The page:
That means getting a fresh stream of reviews should be among your clients’ top priorities. Having a shiny five-star review profile doesn’t mean a whole lot if it’s not up to date.
Responding to Negative Reviews Increases Visits
Responding to negative reviews is valuable for a whole host of reasons, as we discussed earlier, but it might be worth telling your client that as many as 45% of consumers say they’re more likely to visit a business that responds to its negative reviews. So if your client isn’t responding to those bad reviews, they could be missing out on yet more footfall.
Prepare to Answer These Questions
As a marketing agency or consultant dealing with local business reviews management, there are likely to be a few queries that pop up time and time again. Here, we’ve provided a series of review-related questions you can expect to encounter, and some tips to help you answer them.
“Why should I care about online reviews?”
Here, the answer will vary depending on the goals you’ve determined with your client. But, put simply, you should care about reviews because:
They’re a local ranking factor
They build consumer trust
They help with conversions
You can’t afford not to
“I manage multiple business locations; how can we deal with review management at scale?”
This will be a common query if you’re dealing with multi-location businesses. The likelihood here is that this client is already feeling overwhelmed. After all, the bigger the business, the more internal hurdles and restrictions there are likely to be.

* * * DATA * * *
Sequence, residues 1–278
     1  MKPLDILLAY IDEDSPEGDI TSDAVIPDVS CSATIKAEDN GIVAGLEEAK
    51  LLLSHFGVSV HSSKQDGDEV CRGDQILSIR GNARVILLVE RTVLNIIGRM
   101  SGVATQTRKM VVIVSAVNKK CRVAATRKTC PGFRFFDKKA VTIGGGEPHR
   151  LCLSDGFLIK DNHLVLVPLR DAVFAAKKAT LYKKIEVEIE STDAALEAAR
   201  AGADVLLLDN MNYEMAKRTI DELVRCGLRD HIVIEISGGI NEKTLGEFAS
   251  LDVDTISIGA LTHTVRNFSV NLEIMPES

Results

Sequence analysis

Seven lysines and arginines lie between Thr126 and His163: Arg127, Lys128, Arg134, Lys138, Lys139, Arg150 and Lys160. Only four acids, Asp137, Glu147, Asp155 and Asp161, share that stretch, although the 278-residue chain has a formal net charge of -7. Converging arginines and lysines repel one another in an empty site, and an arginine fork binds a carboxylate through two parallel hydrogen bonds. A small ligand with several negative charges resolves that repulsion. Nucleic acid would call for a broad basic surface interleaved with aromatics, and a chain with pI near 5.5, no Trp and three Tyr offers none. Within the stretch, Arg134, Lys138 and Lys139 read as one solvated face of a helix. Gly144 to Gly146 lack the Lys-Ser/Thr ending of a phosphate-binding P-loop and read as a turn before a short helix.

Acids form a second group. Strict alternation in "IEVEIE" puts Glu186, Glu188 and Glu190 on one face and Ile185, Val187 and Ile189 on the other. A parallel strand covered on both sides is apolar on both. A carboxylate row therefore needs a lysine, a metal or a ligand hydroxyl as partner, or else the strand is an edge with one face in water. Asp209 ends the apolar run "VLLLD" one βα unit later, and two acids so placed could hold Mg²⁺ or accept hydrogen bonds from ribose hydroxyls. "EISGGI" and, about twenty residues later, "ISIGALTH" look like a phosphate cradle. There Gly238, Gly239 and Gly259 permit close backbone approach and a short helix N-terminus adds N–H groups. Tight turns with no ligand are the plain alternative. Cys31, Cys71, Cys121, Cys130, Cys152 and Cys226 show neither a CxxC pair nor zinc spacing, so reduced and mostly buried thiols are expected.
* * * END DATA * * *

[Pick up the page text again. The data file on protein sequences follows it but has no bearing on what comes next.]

Here, the answer is simple. Generating reviews for your multi-location business is non-negotiable. If your competitors are doing it (which they almost certainly are), then you need to do it too.
As an agency, you can do things to help here, such as providing your client with the right tips, tactics, and tools, but however they choose to execute it based on their business structure, review management needs to be done.
“We’re doing fine without active review management, so why should I care?”
Every once in a while you may encounter a client who’s actually doing okay, and generating a steady stream of positive reviews. Regardless, that doesn’t mean review management should be entirely neglected, it just means there might be different benefits at play.
Ask your client, “Don’t you want to know what’s being said about your business?”. Review management is just as much about listening to customers as it is looking good on Google. Being proactively involved in review management not only means being able to listen to feedback, but it also means having more control of the conversation.
What are people saying about your brand when they think you’re not listening? And how can you influence the conversation?
“I work in an industry that doesn’t really get reviews. What can I do?”
Let’s face it — there are some industries that are going to struggle with online reviews more than others. I can’t imagine many people eagerly reviewing their DUI attorney publicly, can you?
If that’s the case for your client, you’ll have to work more closely together to determine a successful review strategy that works for their vertical. In a situation like this, it’s key to illustrate that though the project may be more challenging, it’s also more likely to be even more rewarding.
If you’re in an industry where your competitors aren’t getting many reviews either, then having just a handful more reviews could be the difference between you getting chosen over them.
“Can you get rid of my negative reviews?”
There’s always one! Some clients may want you to work wonders and magically remove all of their negative reviews from years’ past. But sadly, not only would that be against most sites’ (definitely Google’s) guidelines, it’s also not possible.